The Green Queen

A hydroelectric scheme will produce about a third of Queen Elizabeth's energy needs at one of her homes.

In late July, the Royal Borough of Windsor and Maidenhead Planning Authority granted permission for a hydroelectric scheme to be built on the River Thames. This particular scheme will produce about a third of the energy needs of one of the homes of a pretty special lady. One who's been known to walk around and turn off lights in the unused rooms of her residences–Queen Elizabeth II of England.

The 200-kilowatt green electricity project–dubbed the Romney Weir Hydro Scheme–will be used, in part, to power Windsor Castle, and will be financed by Berkshire, England-based renewable energy company Npower Renewables. Npower hopes construction will start in spring 2006. It has to complete feasibility studies first to “decide how best to build the scheme,” but aims to be operational by autumn 2006. The cost is a cool £1 million.

While the money to build will come from Npower, the push for this energy-saving measure came from the top. “It's both the Queen and the Duke of Edinburgh's wishes that if planning approval was achieved, for the facility to be created,” says a Buckingham Palace spokesperson.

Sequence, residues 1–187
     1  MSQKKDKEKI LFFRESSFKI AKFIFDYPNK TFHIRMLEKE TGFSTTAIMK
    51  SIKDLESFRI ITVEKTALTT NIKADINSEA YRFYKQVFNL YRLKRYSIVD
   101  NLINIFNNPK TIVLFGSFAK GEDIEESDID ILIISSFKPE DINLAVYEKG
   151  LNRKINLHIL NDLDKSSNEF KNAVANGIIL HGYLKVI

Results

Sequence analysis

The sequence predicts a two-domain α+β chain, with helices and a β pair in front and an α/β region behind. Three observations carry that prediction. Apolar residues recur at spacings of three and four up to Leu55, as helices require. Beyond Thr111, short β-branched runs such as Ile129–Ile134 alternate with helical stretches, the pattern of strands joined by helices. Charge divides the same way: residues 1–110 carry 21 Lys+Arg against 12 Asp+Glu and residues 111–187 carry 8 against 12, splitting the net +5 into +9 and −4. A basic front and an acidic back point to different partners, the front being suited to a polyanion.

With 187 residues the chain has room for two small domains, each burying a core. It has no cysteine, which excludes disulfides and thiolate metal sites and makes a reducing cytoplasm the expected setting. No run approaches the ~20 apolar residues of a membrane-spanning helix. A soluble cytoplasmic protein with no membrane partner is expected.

It seems this green streak runs in the family. The Prince of Wales has installed a carbon-neutral wood-chip boiler to heat the space and water in the Orchard Room, a suite used for charitable functions and receptions, at his Highgrove estate in Gloucestershire, England. And the garden at Clarence House, his official London residence, is fully organic. On the matter of the prince's reported distaste for the appearance of wind farms, a Clarence House spokesperson would only say that “it's an option that we've considered, but he hasn't spoken publicly on the issue.” Pity.